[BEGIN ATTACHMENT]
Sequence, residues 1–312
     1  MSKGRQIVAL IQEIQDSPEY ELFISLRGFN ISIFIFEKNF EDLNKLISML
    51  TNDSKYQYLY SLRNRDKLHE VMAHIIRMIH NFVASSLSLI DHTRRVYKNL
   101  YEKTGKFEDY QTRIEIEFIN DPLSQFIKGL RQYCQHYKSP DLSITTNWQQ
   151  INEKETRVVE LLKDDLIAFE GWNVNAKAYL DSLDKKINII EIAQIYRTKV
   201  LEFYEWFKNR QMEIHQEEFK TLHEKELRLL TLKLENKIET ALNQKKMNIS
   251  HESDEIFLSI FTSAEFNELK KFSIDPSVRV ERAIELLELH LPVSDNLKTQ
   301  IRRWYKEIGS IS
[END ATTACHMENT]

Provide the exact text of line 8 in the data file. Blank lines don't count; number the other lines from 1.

   301  IRRWYKEIGS IS